While some of us just practice Dry January or Sober October, many are living a year-round low or alcohol-free lifestyle.
The non-alcohol drinks market is booming. Heritage and newcomer drink brands are lining the aisles of our grocery stores with non-alcohol products. The travel industry is taking note by stocking zero-proof options in minibars and introducing more mocktails on menus.
According to Hotels.com, one in four travellers say the top reason for drinking less on holiday is to stay in control and feel better emotionally and physically.
Surprisingly, attending sporting events was the top reason travellers said they’d be likely to reduce alcohol consumption while travelling.
Christian Parker, the New York City-based executive director of Gay & Sober, helped launch the company’s first sober party in 2009. Now, the non-profit hosts international events and an annual four-day conference. Past keynote speakers have included Marc Jacobs, Margaret Cho, and Bianca Del Rio.
Here, Parker speaks to us about what Gay & Sober are doing for the community.
How would you describe your events?
It really depends on where it’s going to be. I would say that our flagship event is in New York City on Pride weekend. From morning to night, there’s something that’s engaging, enriching, and [which] encourages connection, whether it be a run through Central Park, to rooftop yoga, to a health and wellness workshop led by a professional. At night, we give them something fun to do, like a rooftop pool party, a gay tour through New York City, or a trip around the island of Manhattan on a boat — a floating super dance party with fireworks. It’s pretty incredible.
What events do you have planned for 2024?
We have a partnership with Dollywood theme parks with a retreat in the Tennessee mountains in the autumn. And then you have Amsterdam in August for Amsterdam Pride, and London in September for an LGBTQ+ three-day event. And, of course, the New York events, which include Pride weekend and also a day on Fire Island.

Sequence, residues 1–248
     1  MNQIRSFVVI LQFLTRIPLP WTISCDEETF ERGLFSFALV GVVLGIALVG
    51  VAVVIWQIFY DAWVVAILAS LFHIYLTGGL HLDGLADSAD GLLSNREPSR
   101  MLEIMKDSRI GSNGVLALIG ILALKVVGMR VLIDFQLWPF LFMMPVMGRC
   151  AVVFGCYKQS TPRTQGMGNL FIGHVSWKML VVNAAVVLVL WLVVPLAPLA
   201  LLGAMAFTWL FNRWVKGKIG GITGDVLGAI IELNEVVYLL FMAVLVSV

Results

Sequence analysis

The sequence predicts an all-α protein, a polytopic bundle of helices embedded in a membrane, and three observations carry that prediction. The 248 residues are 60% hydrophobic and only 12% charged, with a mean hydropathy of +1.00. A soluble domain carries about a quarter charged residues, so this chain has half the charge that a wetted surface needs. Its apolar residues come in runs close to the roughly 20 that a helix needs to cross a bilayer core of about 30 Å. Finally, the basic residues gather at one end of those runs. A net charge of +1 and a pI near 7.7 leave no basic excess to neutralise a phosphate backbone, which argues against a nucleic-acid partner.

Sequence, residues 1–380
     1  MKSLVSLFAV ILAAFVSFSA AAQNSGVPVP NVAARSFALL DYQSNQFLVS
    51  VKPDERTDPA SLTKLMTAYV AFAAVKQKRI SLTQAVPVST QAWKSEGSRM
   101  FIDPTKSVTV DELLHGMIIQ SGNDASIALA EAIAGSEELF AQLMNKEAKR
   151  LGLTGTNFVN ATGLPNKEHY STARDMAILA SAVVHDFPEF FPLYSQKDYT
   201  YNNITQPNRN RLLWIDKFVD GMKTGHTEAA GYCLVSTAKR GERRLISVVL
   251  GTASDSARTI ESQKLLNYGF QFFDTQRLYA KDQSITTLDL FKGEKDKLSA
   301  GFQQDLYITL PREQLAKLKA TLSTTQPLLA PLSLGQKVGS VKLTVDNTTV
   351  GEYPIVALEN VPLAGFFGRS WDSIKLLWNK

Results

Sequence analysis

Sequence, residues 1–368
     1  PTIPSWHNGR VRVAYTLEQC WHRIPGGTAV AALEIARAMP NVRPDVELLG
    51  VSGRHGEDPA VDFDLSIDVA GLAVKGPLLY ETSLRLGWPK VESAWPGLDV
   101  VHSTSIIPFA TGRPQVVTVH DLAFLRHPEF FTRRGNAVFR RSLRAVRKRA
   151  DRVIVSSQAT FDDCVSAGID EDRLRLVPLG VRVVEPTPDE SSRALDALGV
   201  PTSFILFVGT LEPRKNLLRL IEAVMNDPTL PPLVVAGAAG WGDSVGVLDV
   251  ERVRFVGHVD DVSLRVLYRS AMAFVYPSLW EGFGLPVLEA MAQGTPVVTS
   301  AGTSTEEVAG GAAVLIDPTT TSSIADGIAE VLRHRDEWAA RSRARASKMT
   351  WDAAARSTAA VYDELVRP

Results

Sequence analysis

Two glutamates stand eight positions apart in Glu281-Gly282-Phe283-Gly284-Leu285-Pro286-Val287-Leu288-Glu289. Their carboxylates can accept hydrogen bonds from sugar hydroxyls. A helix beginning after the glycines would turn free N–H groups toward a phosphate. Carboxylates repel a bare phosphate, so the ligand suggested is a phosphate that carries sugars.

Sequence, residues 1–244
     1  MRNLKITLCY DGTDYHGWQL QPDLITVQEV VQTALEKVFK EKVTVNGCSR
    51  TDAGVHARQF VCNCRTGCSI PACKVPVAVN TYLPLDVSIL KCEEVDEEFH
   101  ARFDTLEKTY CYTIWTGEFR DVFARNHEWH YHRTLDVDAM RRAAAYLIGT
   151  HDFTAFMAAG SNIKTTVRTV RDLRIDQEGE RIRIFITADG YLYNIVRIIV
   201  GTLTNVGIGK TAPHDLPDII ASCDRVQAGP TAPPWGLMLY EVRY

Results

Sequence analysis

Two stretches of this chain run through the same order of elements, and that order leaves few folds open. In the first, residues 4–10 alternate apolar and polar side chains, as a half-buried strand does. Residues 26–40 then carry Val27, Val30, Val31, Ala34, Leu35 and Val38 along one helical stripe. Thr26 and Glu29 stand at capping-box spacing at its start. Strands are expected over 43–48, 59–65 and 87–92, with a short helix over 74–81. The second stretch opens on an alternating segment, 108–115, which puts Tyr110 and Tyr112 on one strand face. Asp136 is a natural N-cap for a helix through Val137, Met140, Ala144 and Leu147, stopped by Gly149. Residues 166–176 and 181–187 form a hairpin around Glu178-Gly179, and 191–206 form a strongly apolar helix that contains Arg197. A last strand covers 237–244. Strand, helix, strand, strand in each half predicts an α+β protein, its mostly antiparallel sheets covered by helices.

Tell me about Gay & Sober’s Great Smoky Mountains Retreat Dollywood event.
The Dollywood retreat is basically a regional retreat. We have people from Tennessee, Alabama, Georgia, Florida, even a few from Texas — maybe they can’t make it all the way up to New York, but they want something closer to home, and so we do an event in Tennessee. From an LGBTQ equal rights law perspective, that state is very hard on us. They’re very, very hard on us. And so, we did get a little bit of flack as to why would Gay & Sober choose to do business in Tennessee.
And we came back very strongly in believing that if ever there was an area that needed LGBTQ-affirming support and resources and events, it is that area. So, for 48 hours, we completely gay up the area. We rent two cabins in the hills, and we go to Dollywood theme park: we’ve collaborated with them for [years, so] we can go in for a very nice discount. And we basically take over the park, and it’s a beautiful experience.
What advice do you have for travellers looking to meet other LGBTQ+ people outside of alcohol-filled spaces?
Before they travel, we would recommend that they either reach out to organisations like Gay & Sober because we have a network of people all over the world that have the inside scoop on, “Hey, is there an alcohol-free safe space in that city?” We can connect them with that information.
Have you visited any dry queer venues that you loved while on your own travels?
Last August, Gay & Sober, in collaboration with the Dutch organisation, Queer & Sober, was the first-ever sober float in their canal Pride parade. Amsterdam is a party city, and I was a little concerned they’d throw champagne on us or something when they heard our name. But they were so supportive — they were applauding left and right. It was a magical [moment] — it was probably one of my favourite trips. I mean, I shouldn’t say that I liked it more than New York City Pride, but I loved it.